In the Claire’s Boutiques case, a lawsuit resulted after a mother took her thirteen-year-old daughter to the defendant’s boutique to have the daughter’s ears pierced. After the piercing, the daughter developed an infection in the cartilage of the ear that required hospitalization and extensive medical treatment. Id. Before the ear piercing however, the mother had executed a Release from Liability in which she agreed to “indemnify and hold Claire's Boutiques harmless with respect to [....] all claims that I or my minor child may make as a result of this ear piercing, even if due to the sole or joint negligent acts or omissions of Claire's Boutiques, Inc.” Id. After a trial, the daughter obtained final judgment against the defendant for $72,987. Id. at *2. However, the defendant also obtained summary judgment on its claim against the mother for failure to indemnify. Id. On that claim, the trial court entered judgment against the mother for $200,274 inclusive of defense costs, attorney's fees, and the judgment won by the daughter against the defendant.
Relying on the policy rationales expressed in Kirton, the Fourth DCA overturned the summary judgment in favor of the defendant in Claire’s Boutiques. The court held that an agreement requiring a parent to indemnify a third party for injuries to a child was void as against public policy. The court reasoned that such an agreement violated the rule that parents are generally immune from claims by their children, undermined “harmonious familial relations and parental discretion over discipline,” and “encouraged depletion of family resources” via filial lawsuits. See Id. at *4.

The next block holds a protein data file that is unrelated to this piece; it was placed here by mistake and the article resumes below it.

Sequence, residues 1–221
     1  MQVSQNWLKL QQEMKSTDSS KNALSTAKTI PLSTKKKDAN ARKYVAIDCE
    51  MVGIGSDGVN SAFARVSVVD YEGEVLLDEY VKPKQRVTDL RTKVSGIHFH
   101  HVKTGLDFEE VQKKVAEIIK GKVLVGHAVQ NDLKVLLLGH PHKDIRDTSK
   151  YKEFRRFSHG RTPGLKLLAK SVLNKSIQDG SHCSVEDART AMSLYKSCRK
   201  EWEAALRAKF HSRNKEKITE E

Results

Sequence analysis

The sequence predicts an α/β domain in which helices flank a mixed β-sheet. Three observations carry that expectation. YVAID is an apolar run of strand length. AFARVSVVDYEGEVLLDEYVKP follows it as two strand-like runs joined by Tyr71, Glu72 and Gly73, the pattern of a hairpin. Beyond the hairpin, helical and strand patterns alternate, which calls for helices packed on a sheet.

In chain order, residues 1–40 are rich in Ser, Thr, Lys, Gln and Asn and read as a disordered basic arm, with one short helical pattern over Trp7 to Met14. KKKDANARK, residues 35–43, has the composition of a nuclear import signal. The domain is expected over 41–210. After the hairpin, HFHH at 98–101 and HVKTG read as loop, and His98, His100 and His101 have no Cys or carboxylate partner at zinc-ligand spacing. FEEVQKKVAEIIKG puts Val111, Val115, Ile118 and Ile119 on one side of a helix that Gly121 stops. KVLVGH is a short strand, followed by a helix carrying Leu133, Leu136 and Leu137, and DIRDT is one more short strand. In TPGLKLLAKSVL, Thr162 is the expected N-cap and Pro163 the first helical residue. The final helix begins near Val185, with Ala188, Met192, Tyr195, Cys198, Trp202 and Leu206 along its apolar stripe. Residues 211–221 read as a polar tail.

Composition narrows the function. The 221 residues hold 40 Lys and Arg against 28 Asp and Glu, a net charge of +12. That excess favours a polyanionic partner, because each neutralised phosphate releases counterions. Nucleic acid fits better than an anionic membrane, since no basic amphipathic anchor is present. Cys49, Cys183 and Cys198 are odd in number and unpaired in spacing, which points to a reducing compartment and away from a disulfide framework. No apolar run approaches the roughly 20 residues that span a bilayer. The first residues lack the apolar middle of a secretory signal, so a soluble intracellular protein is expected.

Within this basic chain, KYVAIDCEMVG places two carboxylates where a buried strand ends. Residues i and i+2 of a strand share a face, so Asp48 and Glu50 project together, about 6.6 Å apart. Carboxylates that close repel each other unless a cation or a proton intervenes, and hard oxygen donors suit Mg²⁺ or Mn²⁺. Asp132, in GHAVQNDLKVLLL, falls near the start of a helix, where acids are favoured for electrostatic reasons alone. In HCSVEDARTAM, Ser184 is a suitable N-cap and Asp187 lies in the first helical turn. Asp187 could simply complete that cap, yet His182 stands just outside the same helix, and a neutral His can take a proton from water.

In addressing the irony in relying on public policy rationale from Kirton - a decision impugned by the Legislature in §744.301(3) - the Claire’s Boutiques Court wrote:
Th[e] statute permits parents [....] to execute pre-injury releases against commercial activity providers under certain circumstances, but those circumstances do not include releasing the commercial activity provider from liability for its own negligence. We think that this limit[ation] indicates a Legislative public policy choice that commercial providers should be liable for their own negligence when minors are injured. A parental indemnity agreement would be contrary to that intention.
Id. at *6. In essence, from a statute designed to restore parental authority abridged in the Kirton decision, the Fourth DCA paradoxically divined Legislative support for the impairment of a parent’s right to execute a contract indemnifying another in exchange for their child’s opportunity to participate in some commercial activity.